I am looking to reopen May 1

April 15th, 2020 | Categories: Uncategorized

*The asterisk has never been so understated in my communications as it is right now. Never before- not in my life, have I felt so unsure about planning for the future. And never before has anything so affected my life as a doctor and business owner as this invisible, misunderstood, clever little virus has. My story is anything but unique. How has this affected you? All this uncertainty is so unsettling but something’s giving, right? All this negativity is slowly becoming replaced with glimmers of optimism expressed by news outlets and scientists locally, nationally, and even globally about the progression of the coronavirus pandemic.

Spring is in the air… for sure.

We do know that the doubling rate is prolonging. We are not saturating the resources at the rate we thought we would. I do not want to, under any circumstances, underestimate or undermine the severity and seriousness of this disease and the impact it has and will continue to have on our lives. However, as I mentioned since day 1, it is just as important to weigh the cons and pros of moving forward with our lives. This email is not a promise, but a glimmer of hope, that we may resume patient care sooner than some early models predicted.

Safety comes first.

I am certain I was one of the first plastic surgeons to close my doors and adamantly dismiss the possibility of nonessential services such as injectables, IV hydration, cosmetic surgery, and even elective reconstructive surgeries. This was not an easy decision, but I was- and will continue to be- adamant about ensuring patient safety. Even if it means driving my business into the ground. It has been agonizing over the past several weeks to call patients and reschedule you, only to reschedule you again. And again. Watching the news, learning nothing new, refresh, refresh, waiting for answers, nothing, and so forth.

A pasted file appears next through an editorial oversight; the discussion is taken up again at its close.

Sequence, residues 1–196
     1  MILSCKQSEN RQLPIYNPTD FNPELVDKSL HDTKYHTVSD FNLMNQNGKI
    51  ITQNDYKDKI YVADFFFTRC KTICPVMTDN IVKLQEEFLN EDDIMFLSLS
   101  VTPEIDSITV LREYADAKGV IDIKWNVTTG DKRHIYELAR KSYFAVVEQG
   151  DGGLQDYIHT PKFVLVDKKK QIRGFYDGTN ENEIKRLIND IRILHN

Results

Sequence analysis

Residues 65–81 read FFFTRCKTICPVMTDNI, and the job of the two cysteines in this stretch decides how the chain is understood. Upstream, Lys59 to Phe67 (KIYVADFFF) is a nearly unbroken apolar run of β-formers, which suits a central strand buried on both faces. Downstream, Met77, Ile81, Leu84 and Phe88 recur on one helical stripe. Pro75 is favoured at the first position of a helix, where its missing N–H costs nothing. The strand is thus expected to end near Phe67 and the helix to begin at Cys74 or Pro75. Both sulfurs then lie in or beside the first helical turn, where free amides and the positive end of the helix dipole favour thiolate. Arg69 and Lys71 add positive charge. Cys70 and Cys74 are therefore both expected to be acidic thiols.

There’s a silver lining.

The Zelken Institute is cleaner, smoother, safer, and better than ever before. This unprecedented protected time has given my staff the opportunity we needed to rebuild our practice, streamline processes, reorganize the electronic medical record system, embrace telehealth and even remodel the physical plant. Still, nothing beats taking care of patients directly. I miss it. My staff misses it. And we want it back as soon as it is safe. Of course, now is surely too soon. The encouraging trends should motivate us to keep going, keep washing our hands, avoid unnecessary journeys, and to distance ourselves. If we retreat now, we’re in for a second wave for sure. We are winning this war- don’t stop now.

Why May 1 then?

I have been studying this disease, its proposed remedies, various clinical trials, hospital communications, therapies, and other countries patterns very closely. Hoag and OC Global administration is painting a rosy picture of the near future. Based on all the data available to me, I envision May 1, 2020 as the date that I will formally reopen business to the public.* This *, again, is filled with so many conditions, ethical considerations, and so many other asterisks within. On one hand, May 1 is a random day, but I chose it because it is a logical divider between two months and occurs at a time- about 2 weeks from now- when the pros of carrying on might somehow exceed the cons.

Here’s what I do know.

I will not run this business the same way as I did when I closed the doors in early March. Before we ceased nonessential care, we made special changes in our practice like wearing masks, screening patients, and minimizing unnecessary services and procedures. I will continue and enhance these early changes when I reopen. We remodeled the physical plant by installing porcelain floors that can be easily sanitized in a way that the weathered concrete floors could not. Hand sanitizer dispensers are everywhere. Sani-cloth dispensers everywhere. Postoperative followup is restricted to necessary patients. I no longer hug. I have not seen any patients without an N95 mask in a month. This is my new normal, and my way of making your experience brighter, safer, better.

The Zelken Institute’s iconic weathered concrete floors were porous and were not easy to sanitize. The new porcelain floors are much easier to clean, brighter, and safer.

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